By Armond White
In 2002, the New York Film Critics Circle came close to naming Jackass the year’s Best Non-Fiction Film until more traditional-minded members (after some audible grumbling) pushed the vote to the since-forgotten Standing in the Shadows of Motown. (Some might call that a cop-out.) Now, Jackass 3D continues the prankster series that began on MTV and, at last, has picked up a kind of honor: Jackass 3D held its premiere at the Museum of Modern Art.
Clearly, notions of respectability have changed since ’02, but so has the mainstream’s understanding of the Jackass phenomenon’s significance. Curator Josh Siegel put Jackass 3D in the same tradition being celebrated in MoMA’s series “More Cruel and Unusual Comedy: Social Commentary in the American Slapstick Film,” which showcases movies from the silent era that dared to crack the funny bone before tickling the mind. The Jackass crew—Johnny Knoxville, Bam Margera, Chris Pontius, Wee Man and Steve O—perform Three Stooges-style slapstick with mischievous disregard for propriety and safety. Turning their bodies into pincushions, punching bags, toilets and vomit projectors, they publicize redneck recklessness as a form of foolish All-American freedom.
Jackass stunts are clearly stuff parents wouldn’t sanction their rowdiest sons to do—with the exception of Bam Margera’s parents (ursine Phil and grinning April), who are eager, if often surprised, participants in the set-ups. They provide an adult-to-kid context that proves risk and folly are not limited to youth. It may have something to do with the American sensibility for individual fearlessness and license. Jackass 3D upgrades the silliness by incorporating the latest—hallowed—Hollywood technology. And be grateful for that: Seeing feces and dildos poke-out at your customized goggles puts all James Cameron’s high-falutin’ pronouncements about “immersion” in correct perspective: It’s not only a filmmaking gimmick, it’s also a marketing gimmick.
Through such candor, Jackass 3D isn’t exactly subversive: How can it be when it doesn’t take itself seriously? It is, thankfully, irreverent of all pomposity. Siegel cites the tradition of slapstick as social commentary, but that’s only accidentally true of Jackass 3D. Having derived from the venal, shameless laboratory of MTV’s mad scientists who are devoted to exploiting teens and young adults by luring them into hedonism, narcissism, alcoholism and shopping, there’s no room for commentary—just consumerist anarchy by example. Despite a disclaimer that warns against imitating the Jackass stunts, most of the acrobatics and hazing routines cost money (and standby EMS) to perform. The promptings of drugs and idiocy notwithstanding, these kamikaze acts tell less about the mental state of these irresponsible boy-men than about our youth culture’s open sleaziness.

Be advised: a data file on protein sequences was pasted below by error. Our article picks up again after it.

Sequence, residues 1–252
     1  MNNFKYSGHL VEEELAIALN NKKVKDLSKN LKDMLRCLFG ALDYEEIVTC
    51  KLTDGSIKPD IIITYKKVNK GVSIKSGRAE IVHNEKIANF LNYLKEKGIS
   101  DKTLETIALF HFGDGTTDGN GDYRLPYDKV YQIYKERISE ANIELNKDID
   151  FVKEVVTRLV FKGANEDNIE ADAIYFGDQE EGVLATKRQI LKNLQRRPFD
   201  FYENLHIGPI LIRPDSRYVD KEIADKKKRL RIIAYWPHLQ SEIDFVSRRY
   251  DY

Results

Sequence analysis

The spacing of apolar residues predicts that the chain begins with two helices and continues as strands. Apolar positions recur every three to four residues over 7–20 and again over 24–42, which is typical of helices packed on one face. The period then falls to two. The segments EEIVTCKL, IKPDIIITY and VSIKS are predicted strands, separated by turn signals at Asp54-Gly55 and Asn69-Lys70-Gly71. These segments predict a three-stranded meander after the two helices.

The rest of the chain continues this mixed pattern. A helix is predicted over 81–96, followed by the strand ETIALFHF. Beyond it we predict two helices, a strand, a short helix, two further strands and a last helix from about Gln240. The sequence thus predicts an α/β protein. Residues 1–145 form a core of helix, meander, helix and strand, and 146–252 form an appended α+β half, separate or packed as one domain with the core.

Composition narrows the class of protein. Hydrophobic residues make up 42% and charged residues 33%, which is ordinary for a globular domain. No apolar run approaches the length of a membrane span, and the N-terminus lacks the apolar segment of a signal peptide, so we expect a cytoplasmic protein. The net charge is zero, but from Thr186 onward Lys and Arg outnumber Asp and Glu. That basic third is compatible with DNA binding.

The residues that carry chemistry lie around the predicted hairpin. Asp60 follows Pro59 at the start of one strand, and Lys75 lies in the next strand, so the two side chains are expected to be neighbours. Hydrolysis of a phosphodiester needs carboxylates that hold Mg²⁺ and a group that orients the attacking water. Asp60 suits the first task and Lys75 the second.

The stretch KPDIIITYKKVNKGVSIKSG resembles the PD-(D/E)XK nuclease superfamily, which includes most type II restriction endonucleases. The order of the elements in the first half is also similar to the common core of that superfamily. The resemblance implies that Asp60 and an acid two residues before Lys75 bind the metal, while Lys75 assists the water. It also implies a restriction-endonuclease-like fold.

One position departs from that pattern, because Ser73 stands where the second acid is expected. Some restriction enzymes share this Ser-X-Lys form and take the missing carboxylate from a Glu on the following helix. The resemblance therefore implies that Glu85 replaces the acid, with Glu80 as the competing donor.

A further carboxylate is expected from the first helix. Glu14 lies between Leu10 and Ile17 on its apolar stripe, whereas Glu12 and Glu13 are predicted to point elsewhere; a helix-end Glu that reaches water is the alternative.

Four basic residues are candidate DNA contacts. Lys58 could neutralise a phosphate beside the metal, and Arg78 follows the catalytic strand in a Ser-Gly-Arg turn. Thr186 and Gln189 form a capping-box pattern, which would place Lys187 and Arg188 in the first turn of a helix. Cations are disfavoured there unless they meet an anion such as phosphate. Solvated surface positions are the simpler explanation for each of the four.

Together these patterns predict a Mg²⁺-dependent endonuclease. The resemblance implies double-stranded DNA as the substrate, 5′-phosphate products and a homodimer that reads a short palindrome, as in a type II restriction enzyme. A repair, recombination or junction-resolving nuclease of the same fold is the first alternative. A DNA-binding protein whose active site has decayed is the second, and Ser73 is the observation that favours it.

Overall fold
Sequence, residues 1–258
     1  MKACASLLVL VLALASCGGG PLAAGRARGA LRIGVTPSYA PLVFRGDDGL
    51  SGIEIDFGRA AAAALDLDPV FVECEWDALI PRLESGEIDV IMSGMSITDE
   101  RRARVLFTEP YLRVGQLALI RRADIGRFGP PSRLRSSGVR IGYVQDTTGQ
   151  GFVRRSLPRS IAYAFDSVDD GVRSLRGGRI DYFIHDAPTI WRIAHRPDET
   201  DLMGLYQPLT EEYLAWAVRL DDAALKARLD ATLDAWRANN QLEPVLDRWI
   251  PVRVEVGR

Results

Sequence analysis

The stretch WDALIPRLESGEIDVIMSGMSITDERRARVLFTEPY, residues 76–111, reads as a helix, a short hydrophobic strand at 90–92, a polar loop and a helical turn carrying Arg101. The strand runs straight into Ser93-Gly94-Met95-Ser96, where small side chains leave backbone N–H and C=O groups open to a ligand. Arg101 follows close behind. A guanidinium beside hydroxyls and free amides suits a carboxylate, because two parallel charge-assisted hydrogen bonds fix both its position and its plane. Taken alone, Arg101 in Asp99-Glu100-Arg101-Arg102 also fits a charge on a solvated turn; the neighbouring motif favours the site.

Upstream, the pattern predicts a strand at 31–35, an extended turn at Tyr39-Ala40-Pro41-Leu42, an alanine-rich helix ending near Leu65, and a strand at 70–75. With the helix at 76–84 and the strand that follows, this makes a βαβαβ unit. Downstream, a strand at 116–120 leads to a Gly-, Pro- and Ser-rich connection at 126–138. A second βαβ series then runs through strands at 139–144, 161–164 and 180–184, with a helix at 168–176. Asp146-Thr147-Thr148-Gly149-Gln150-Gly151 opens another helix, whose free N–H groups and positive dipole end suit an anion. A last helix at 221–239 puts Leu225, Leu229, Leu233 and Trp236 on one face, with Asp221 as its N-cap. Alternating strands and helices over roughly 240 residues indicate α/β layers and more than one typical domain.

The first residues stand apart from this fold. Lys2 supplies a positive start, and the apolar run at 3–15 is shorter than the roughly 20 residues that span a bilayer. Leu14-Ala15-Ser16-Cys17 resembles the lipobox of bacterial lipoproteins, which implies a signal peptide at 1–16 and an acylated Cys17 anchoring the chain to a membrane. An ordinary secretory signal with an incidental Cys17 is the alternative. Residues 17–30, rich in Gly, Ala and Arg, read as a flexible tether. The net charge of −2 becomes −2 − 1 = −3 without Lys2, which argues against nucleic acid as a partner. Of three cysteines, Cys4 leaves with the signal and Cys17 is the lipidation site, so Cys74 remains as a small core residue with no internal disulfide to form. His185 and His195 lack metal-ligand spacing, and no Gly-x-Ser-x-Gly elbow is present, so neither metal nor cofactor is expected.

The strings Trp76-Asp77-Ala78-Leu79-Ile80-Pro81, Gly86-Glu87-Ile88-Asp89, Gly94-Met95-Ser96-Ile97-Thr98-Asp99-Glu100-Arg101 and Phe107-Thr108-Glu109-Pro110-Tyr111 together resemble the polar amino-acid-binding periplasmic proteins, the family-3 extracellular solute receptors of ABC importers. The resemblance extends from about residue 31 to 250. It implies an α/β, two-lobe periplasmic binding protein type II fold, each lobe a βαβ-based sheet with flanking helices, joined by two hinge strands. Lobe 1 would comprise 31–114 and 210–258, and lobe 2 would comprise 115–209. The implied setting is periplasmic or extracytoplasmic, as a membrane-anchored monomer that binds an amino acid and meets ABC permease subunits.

Cultural critic Richard Torres’ 2002 assessment of the first Jackass movie—“It’s not homoerotic, it’s just homo”—wittily cut to the masculinist basis of these Iron John/Burning Man rituals run amok. Credit one of the series’ producers (and sometime participant), Spike Jonze, with the knack for turning such polymorphous perversity into something akin to surrealism. But keep in mind an important difference: the Surrealists weren’t paid by Sumner Redstone. Back then “Shock the Bourgeoisie” was not an expected part of the entertainment marketing. The only surreal element of the Jackass films is the thin line between performance and humiliation. The line between silly and psychotic wavers. Knoxville and crew absorb all definitions of gender as well as gender-fuck (although this time I missed Pontius’ bouncy, glitter-thonged Party Boy shtick), and they come out free.
The Jackasses laugh at their own virility and fearlessness. This allows them to ring clownish variations on classic examples of social critique: One routine has a Jackass hold an apple between his buttocks as a pig snorts it out and returns for more—mocking the horrific moment of unmanning in Deliverance. But most often Jackass 3D offers outrageous changes on comic form: A bar fight among dwarfs is the most conventional, containing a complete, unified scenario. Steve O’s Super Cocktail Bungee routine in a feces-filled port-a-john utilizes distance and trajectory in a way that recalls the great waterslide joke in Norbit (and should help rehabilitate that wonderful film’s unfair reputation). Bam’s fear of snakes gets aroused with Indiana Jones-style torment. There’s even perfect dramatic/comic balance in the recurring meta-motif of a cameraman constantly repulsed by the odorous antics. Revulsion or jittery trepidation is what acknowledges the existence of standard perimeters or at least the audience’s own squeamishness.
Jackass 3D can also be considered an inkblot that tests popular perception of what is tasteful and, of course, what is male. Director Jeff Tremaine’s final 3D trick is a celebration with in-your-face explosions, wreckage and confetti. It imitates the destruction of bourgeois materialism at the end of Zabriskie Point, then becomes an end-credits montage singling out each of the Jackasses alongside their nostalgic schoolboy photos. An accompanying Weezer tune, “Memories,” describes a longing for innocent carelessness. It’s an indulgence, but to understand it is to understand why the terrorists hate us and why Jackass 3D is also a political documentary.
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